She was shaking her head as I walked away. I jogged in the direction of Arnold’s before she got any more ideas.
Arnold’s was to the left, but I made a right. I hadn’t walked in front of the Jenkinsons’ yard for years, not since they’d gotten caught with a smartphone shortly after the takeover. The HBE (Human Behavior Enforcement) had shown up at their house at four in the morning just months after the takeover. We suspected someone had turned them in, because how the new government had found out about the one small phone was a mystery.
We’d watched from slits in the blinds as they questioned the family on their front lawn. One by one, they’d shaken their heads and denied it was their phone. In the end, the guards had shot all four of them, the parents and both their children, leaving their bodies to rot on the lawn with a warning to all that they weren’t to be moved.
That was when I started avoiding their house. I hadn’t wanted to see the kids I once babysat decomposing, not that the smell let you forget. The entire block had smelled of their death.
Leaving your house at all these days could be dangerous. I kept my eyes down as I walked briskly, my arms wrapped around my waist as the cold of D.C. in winter invaded my jacket. There might be a vampire in the Oval Office and a werewolf commanding the Army, but that was just the tip of the iceberg of what you needed to avoid. You also had your run-of-the-mill creatures, like the two trolls about to punch each other in the face, arguing on the corner. I crossed the street before I got to them. They were nasty, angry creatures, always looking to fight.
We had fairies in all shapes and sizes flying around, some larger than humans, all the way down to ones as small as fireflies. They’d dim their light and hide in corners, ready to turn you in for the smallest slight, like tarnishing the reputation of one of their kind, or getting caught calling the ruling class scourge. Leprechauns who were perpetually pissed off, almost as bad as the trolls. Centaurs that would race down the street, betting with their companions on who could trample you first. Each race had brought some new threat, and there was no lack of them now.
Once the vampires and werewolves took over, there had been an onslaught of other races flooding in, ready to live out in the open. Even as I walked down the street of the neighborhood I’d grown up in, the place looked barely recognizable.
It wasn’t just the creatures. It was the landscape. There were houses completely covered in strange, fine webbing that glittered, like some sort of alien spider web. Others were knocked down altogether and replaced by what appeared to be mountains of boulders. One thing was for sure: this was not my world anymore. It wasn’t any human’s world. We were cheap labor and a food supply. We were cattle on one gigantic, supernatural farm.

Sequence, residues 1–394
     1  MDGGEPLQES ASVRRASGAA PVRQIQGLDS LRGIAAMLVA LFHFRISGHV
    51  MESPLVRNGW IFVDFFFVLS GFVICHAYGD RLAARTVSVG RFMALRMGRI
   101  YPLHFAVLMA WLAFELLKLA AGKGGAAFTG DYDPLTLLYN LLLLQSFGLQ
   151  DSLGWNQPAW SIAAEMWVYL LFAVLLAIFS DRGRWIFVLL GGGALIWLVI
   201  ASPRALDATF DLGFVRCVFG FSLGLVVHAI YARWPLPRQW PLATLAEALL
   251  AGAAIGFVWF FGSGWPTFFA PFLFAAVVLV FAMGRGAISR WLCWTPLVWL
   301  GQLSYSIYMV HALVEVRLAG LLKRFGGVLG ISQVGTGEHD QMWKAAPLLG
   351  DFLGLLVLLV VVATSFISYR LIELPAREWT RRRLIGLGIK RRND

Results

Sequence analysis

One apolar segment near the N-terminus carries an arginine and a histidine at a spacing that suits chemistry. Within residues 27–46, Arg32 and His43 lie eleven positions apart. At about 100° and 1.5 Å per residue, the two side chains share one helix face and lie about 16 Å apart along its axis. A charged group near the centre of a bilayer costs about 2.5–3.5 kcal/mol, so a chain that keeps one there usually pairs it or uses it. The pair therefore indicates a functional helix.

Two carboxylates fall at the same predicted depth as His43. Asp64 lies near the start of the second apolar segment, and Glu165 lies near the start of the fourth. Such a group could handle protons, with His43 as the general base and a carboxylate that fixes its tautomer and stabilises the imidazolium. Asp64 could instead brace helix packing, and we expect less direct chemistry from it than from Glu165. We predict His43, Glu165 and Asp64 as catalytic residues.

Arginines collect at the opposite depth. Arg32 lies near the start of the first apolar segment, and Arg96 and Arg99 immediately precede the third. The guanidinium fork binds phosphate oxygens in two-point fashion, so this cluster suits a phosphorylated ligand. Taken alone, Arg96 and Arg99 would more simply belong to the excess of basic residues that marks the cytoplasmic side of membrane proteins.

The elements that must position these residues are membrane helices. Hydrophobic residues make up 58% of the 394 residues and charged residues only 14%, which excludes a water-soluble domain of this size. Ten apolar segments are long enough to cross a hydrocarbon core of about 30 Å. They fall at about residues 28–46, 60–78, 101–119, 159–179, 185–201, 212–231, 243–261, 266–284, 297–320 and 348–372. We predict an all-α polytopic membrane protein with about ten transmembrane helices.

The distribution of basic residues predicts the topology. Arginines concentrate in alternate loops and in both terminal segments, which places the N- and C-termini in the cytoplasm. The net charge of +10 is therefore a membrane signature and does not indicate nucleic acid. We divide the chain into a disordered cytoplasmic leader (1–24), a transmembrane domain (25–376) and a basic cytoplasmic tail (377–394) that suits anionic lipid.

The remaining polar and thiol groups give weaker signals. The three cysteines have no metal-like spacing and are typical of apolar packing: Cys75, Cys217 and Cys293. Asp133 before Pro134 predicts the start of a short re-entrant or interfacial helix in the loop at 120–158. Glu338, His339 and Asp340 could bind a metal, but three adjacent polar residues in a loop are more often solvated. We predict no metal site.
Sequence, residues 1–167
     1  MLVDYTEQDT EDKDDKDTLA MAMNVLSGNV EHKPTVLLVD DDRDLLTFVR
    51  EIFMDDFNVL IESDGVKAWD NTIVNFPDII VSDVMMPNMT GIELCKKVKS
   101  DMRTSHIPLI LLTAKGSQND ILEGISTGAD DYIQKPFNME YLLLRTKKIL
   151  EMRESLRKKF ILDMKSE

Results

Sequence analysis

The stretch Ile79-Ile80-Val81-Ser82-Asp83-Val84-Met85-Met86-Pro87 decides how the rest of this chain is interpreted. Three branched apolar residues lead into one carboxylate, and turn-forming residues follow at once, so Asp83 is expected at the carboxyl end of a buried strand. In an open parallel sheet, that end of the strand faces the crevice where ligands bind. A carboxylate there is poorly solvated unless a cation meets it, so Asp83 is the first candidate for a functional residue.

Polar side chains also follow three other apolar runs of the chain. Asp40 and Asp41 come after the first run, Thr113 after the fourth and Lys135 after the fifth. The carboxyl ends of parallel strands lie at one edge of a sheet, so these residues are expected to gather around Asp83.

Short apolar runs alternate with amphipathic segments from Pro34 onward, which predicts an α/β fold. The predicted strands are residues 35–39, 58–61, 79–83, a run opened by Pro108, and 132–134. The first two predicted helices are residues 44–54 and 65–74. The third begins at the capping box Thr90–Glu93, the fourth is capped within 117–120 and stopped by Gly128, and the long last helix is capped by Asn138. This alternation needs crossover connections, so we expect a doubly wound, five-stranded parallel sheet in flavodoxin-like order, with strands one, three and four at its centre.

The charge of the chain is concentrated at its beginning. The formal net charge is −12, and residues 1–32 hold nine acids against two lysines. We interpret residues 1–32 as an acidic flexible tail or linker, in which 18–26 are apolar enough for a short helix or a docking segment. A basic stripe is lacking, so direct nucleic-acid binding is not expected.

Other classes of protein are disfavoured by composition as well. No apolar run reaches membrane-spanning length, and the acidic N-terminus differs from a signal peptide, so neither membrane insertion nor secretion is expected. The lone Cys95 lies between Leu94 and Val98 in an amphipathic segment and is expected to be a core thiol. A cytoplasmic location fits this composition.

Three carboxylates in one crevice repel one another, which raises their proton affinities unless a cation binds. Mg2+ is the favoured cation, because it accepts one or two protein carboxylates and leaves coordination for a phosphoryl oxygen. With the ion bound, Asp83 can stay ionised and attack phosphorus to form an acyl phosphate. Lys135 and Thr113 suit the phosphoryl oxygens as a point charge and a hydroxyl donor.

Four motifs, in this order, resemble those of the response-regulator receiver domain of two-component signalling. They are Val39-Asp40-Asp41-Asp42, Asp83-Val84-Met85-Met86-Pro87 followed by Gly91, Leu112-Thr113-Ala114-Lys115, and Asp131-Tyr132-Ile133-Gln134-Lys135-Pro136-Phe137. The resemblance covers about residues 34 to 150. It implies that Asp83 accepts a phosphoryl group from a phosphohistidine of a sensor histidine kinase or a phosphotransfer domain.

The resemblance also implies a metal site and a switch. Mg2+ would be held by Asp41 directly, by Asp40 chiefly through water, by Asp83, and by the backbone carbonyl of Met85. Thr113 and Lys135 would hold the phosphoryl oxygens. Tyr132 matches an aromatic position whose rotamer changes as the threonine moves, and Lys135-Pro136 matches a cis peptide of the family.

“Hey, Arnold.” I waved to the store’s namesake where he stood behind the counter, while ignoring the purple-haired fairy, about the size of his fist, hovering a few feet behind him. Her name was Gwen. The one and only time I tried to greet her out of a sense of politeness, she’d sneezed repeatedly, spewing gold dust all over the place while Arnold cursed.
“You’re soooo human you’re making my nose stuffy,” she’d said. She’d finished sneezing and moved on to gagging noises, as if I were a glob of phlegm that got stuck in her throat.
Apparently, humans were like a bad cat allergy to some fairies. That had been the beginning and end of our interactions, other than glares. Arnold appeared to merely tolerate her as well, but it was the price you paid these days if you wanted to run an establishment. You had to pay out of pocket for your own personal spy that reported everything back to the HBE.
“Cutting it close today, Pen?”
“Yeah, had a late shift last night and slept in a bit too long.” I walked over to the fridge and grabbed the last package of eggs. I took a loaf of bread off the dwindling pile on the table before I made my way back to the counter.
“That’s it?” Arnold asked me the same question every time. It was a knee-jerk question, considering he ran a store.
“Yep, that’s it.” It was getting so I’d rather shop somewhere else than repeat my answer almost daily.
I bought the same thing every time I came, with very little variation. That was all I could afford. Instead of lashing out at the man who didn’t deserve it, I smiled as I dug my credits out of my pocket.
Except they weren’t there. I checked my other pockets. They were both barren, but I had a wealth of heat in my cheeks as I stared at the items sitting on the counter. It was supposed to be dinner tonight and breakfast tomorrow. But the three credits that were going to pay for it were gone.
Gwen made a sniffing noise that somehow sounded arrogant.
Arnold’s bald head shone under the lights as his eyes flickered back and forth between the items I wanted and me.
“I can’t do credit, Penelope. You know I would if I could, but after what happened to Sal…” Arnold spoke Sal’s name with reverence now, but he’d once been Arnold’s archnemesis and competing store owner. Gwen floated closer, listening to every word and waiting to report back.
“I’d never ask you to,” I said.
The entire neighborhood knew what happened to Sal. Last month, his body had been found in the early morning hours, lying across the front stoop of his shop. He was being fed upon by the local dogs that now lived on the streets, turned loose by owners who couldn’t afford to feed them anymore.
The dogs hadn’t killed him—Sal’s throat had been slit—but the calling card had been his missing left hand. Mind your own business. Keep to yourself. Don’t offer a helping hand or you won’t have a hand to offer. The word on the street was that he’d extended credit to a struggling mother with a baby. He’d only given her a quart of milk, but word had gotten back. It always did.
That was how the scourge had set it up. Humans were always a little too hungry, and a little too desperate, just enough for some to turn their backs on their neighbor if it meant another meal on the table for their family. It had gotten so bad that some people made things up to report to the HBE.